The mountain biking in Fruita, Colorado is a little slice of heaven baked by the sun and carved from the desert. Singletrack trails crisscross the desert around the now-famous 18 road and even more trails skip along the spiny backs of nearby ridges that protrude from the mountains. Unless there’s a storm clouding the sky, sunsets light up the horizon nightly and stars blaze from one side of your vision to the other.
On this particular day I chose to do some trail running just south of The Canyons resort and discovered that the snow hadn’t entirely melted yet. This makes for the best kind of dirt, though: tacky and fast.
The Bike Part of the Year
At least downtown, anyway. Every year The Bike Collective in Salt Lake holds an annual fundraiser and people get really, really into it. Over the years it’s grown in size and so has the ride through downtown that kicks things off. It’s a rolling celebration of bike culture and one that everyone should have the opportunity to take part in at some point.
It’s unusual that Re and I camp so close to home (or at a campground) save for one or two long weekends a year. A few friends had grabbed a site along the shore of Bear Lake in northeastern Utah, so we loaded up the truck and joined them for some barbecuing and beers—and a little paddling.
Read a little more about Bear Lake right here. It wouldn’t hurt to get a huckleberry milkshake when you’re in town, too—they’re worth the drive from Salt Lake City.
Years ago the camping around Stanley, Idaho included a small, secluded site atop one of the ridges just above town. It took a heavy foot on the gas pedal, four-wheel drive, and a little bit of faith to climb the rutted and dusty road up to this site and it was worth the trouble. This is just a portion of the 360-degree view of the star-filled sky over this small Idaho town flanked by the Sawtooths.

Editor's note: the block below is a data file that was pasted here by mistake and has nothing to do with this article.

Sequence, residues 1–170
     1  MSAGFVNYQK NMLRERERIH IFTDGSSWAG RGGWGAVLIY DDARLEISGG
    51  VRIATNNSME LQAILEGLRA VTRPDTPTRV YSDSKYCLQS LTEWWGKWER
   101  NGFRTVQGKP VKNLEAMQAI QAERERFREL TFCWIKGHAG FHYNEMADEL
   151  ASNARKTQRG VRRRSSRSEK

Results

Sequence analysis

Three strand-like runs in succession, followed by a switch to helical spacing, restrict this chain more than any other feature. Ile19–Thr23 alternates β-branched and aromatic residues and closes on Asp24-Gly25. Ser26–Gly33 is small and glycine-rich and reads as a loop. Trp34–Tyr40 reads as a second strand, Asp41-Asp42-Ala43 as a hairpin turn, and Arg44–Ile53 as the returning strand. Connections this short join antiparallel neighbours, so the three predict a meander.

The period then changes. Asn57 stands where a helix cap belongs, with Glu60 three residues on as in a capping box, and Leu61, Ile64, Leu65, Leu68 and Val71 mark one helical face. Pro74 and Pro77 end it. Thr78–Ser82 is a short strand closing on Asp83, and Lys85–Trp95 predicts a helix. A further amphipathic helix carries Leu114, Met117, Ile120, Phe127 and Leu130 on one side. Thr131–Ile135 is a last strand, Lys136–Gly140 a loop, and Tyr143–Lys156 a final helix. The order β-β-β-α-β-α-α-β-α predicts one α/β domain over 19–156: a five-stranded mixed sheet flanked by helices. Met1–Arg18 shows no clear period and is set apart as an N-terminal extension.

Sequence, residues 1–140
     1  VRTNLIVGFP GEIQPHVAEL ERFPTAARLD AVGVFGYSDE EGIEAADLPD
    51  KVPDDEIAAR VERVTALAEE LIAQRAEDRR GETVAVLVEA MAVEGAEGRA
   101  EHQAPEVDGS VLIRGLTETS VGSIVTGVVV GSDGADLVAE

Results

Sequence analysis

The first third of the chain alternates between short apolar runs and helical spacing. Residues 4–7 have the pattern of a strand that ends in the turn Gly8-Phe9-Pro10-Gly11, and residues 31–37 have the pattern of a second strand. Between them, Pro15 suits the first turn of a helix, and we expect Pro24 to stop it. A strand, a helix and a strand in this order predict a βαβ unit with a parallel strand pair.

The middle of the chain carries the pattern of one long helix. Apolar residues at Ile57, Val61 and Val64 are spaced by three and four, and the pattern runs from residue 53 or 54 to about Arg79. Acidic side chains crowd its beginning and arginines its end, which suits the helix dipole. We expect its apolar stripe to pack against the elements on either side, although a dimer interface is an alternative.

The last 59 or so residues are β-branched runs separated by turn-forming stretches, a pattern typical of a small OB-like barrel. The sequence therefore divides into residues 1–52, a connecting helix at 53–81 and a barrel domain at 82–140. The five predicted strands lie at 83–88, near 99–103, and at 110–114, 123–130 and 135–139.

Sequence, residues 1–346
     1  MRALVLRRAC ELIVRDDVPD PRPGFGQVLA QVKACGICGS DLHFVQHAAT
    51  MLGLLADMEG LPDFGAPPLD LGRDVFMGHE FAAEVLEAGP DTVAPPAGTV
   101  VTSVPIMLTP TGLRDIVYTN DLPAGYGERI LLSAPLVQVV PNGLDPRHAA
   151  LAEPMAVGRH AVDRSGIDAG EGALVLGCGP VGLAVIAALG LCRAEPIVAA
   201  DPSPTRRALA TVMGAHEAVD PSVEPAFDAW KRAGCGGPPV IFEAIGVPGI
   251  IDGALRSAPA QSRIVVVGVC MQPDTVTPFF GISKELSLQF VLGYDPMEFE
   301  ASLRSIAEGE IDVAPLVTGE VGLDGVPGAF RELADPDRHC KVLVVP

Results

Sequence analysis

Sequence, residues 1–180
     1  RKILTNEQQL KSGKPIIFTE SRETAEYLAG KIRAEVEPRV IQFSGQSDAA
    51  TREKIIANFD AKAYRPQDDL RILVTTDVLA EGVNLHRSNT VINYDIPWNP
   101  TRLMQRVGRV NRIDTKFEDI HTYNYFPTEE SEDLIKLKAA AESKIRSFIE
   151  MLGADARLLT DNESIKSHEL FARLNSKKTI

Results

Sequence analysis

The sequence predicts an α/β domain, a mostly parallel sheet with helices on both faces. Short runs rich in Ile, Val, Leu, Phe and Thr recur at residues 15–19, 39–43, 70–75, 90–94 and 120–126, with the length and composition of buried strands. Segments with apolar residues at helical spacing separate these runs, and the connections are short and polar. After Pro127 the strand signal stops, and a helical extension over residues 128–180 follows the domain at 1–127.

Visit Stanley for the rafting, mountain biking (send me a message for some beta), and hot springs. You’ll never want to leave.
|| The heat has returned to Utah. The dirt is dry and mountain biking season is back in full foce. In honor of the heat, I decided it was time to post these POV mountain biking photos. This is a continuation of the series I started a couple years ago during the winter. All of the bike photos were shot on the trail in Corner Canyon in Draper, Utah. I rode the same bike for every shot, a Civilian Bicycles Young Turk, and used the same camera rig described in my winter post.
With the explosion of HD resolution helmet cameras, this point of view is nothing new. No matter, as cliche as it sounds, this project was about trying a new technique and having fun. I accomplished both missions and came away with a series of photos that I find interesting. Years from now, when I’m old and gray, these photos will remind me how fun it was to ride my bike. My hope is that they’ll do the same for someone else too. ||
A season of riding my Civilian Young Turk hooked me on the idea of 29ers. With parts from my Santa Cruz Heckler and the Young Turk, I was able to build this Diamondback Mason. I was attracted to this particular frame because of the slack head angle (66.5 deg), 12×142 rear axle, and dimensions that closely matched the fit of my Heckler. Thanks to Mr. Brian Bernard for the wrench time, the teachable moments in the shop, and a general beardiness.
Look for a mid-term review once I’m able to ride the Mason a little more. Bike Magazine posted a review here.
For the stats nerds: this is a medium frame with 750mm bars, 70mm stem, a 140mm fork with 20mm thru axle, a 1×10 drivetrain, and one seriously long rear brake line.